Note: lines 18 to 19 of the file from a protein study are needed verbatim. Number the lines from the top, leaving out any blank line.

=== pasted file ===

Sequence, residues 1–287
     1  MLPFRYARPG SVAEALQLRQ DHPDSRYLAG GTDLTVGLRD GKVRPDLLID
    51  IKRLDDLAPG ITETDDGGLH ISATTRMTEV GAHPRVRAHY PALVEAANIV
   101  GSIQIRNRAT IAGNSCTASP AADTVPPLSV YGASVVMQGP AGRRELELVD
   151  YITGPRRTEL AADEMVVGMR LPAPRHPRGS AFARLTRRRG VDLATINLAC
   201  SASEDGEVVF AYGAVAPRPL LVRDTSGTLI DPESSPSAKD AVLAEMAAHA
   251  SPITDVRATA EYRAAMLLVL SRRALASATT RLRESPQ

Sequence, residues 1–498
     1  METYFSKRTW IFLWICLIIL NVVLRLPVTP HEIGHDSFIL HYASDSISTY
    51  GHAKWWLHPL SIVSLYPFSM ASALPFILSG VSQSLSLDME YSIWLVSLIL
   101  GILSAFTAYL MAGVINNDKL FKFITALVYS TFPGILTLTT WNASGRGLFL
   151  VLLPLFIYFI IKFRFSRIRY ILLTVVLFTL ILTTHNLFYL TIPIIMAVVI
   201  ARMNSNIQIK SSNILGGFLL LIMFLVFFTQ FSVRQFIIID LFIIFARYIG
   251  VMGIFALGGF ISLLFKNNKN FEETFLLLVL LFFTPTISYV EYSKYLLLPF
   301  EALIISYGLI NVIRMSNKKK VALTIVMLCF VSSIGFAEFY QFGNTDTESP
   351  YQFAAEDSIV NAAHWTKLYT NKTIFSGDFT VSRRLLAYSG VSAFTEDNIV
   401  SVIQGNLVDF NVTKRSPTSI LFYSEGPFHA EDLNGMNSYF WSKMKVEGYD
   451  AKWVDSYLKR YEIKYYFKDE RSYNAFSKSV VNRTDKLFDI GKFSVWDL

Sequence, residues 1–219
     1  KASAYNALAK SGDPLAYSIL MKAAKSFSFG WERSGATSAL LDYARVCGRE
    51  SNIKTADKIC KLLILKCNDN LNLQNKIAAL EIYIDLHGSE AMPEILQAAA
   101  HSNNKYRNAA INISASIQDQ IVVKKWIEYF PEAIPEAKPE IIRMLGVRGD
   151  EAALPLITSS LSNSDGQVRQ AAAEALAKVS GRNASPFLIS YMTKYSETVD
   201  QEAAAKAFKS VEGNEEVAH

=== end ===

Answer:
   451  AKWVDSYLKR YEIKYYFKDE RSYNAFSKSV VNRTDKLFDI GKFSVWDL

Sequence, residues 1–219